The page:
Gremlins: Never Feed Them After Midnight: A stylishly quirky master of the cult film, director Joe Dante took a giant step forward into mainstream filmmaking with Gremlins, a savagely witty fairy tale and resounding boxoffice success. To an extent beyond that of any recent film, Gremlins relied almost as much on its variously conceived mechanical creatures as it did on its live performers. With contributions from Joe Dante, producer Michael Finnell and others, mogwai and gremlin creator Chris Walas unveils the story behind the year's most remarkable cinematic newcomers. Article by Paul M. Sammon
Across the Eighth Dimension with Buckaroo Banzai: Overflowing with bizarre concepts and off-the-wall humor, The Adventures of Buckaroo Banzai demanded an equally off-centered approach to its visual effects. With this in mind, effects supervisor Michael Fink was given the task of organizing and coordinating the activities of three separate facilities, all engaged in providing footage of organic spaceships and interdimensional environments. With an overview by director W.D. Richter, Fink elaborates on the project, with additional input from Hoyt Yeatman and Keith Shartle of Dream QuestImages, Peter Kuran of VCE, Inc., and John Scheele of Greenlite Effects. Article by Nora Lee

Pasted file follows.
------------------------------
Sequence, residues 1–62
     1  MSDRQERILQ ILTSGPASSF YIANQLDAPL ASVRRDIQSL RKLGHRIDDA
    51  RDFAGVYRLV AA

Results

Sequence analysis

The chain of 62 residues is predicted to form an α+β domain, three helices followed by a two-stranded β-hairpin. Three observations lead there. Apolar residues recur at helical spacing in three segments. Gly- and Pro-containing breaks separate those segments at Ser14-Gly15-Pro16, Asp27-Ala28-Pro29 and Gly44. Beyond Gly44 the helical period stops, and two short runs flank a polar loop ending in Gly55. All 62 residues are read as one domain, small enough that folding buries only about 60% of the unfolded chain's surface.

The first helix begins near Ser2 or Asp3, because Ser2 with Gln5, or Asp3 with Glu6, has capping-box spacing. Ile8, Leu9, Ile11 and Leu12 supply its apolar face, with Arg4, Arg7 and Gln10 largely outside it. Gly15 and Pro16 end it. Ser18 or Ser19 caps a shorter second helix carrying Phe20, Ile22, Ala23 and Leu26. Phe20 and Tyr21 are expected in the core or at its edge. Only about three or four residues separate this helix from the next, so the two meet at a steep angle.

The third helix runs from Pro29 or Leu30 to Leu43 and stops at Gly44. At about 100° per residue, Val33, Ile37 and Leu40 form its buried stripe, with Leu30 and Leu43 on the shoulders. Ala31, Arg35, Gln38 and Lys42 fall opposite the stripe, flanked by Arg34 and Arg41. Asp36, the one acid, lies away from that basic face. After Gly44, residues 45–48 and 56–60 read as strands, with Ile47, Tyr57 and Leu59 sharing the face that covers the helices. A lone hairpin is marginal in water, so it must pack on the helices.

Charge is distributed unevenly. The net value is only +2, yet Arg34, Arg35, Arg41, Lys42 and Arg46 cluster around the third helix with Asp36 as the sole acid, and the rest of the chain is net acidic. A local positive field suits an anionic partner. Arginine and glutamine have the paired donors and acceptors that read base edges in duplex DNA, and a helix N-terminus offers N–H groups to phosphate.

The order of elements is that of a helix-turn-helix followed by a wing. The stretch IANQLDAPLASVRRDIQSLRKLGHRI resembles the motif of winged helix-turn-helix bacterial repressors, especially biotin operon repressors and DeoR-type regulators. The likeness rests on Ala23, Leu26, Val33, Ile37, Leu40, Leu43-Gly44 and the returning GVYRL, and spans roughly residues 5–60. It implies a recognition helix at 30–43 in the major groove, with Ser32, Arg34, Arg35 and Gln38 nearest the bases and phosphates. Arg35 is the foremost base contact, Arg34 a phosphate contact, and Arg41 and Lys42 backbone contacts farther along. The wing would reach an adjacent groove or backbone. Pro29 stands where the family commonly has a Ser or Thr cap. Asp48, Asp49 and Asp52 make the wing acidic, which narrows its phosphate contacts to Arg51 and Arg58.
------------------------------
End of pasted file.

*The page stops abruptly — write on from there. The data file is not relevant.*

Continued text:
Dreamscape: What Dreams Are Made Of: Creating a low-budget dream world was often a nightmare for the effects personnel involved in Dreamscape. Visual effects supervisor Peter Kuran details the creation of surrealistic nuclear explosions and post-holocaust environments; special makeup artist Craig Reardon outlines the construction of a full-size snakeman and various radiation-burned bomb victims; and camerman James Aupperle discusses his stop-motion animation in the film. Article by Adam Eisenberg

Issue 18
Indiana Jones and the Temple of Doom: Hell and High Water: Indiana Jones and the Temple of Doom marks the second blockbuster association between executive producer George Lucas and director Steven Spielberg. Unlike Raiders of the Lost Ark, which - with the exception of its cosmic finale - relied primarily on dazzling stuntwork for its thrills and chills, many of the key sequences in the second Indiana Jones adventure were made possible only through the employment of elaborate visual effects. From miniature airplanes and mine cars to large-scale lava and water effects, the cinemagicians of Industrial Light & Magic stretched the limits of their experience and expertise to produce some 140 effects shots for the consummate cliffhanger. Three-time Oscar-winning effects supervisor Dennis Muren discusses the project in detail, aided and abetted by numerous members of his highly-specialized team. Article by Robert P. Everett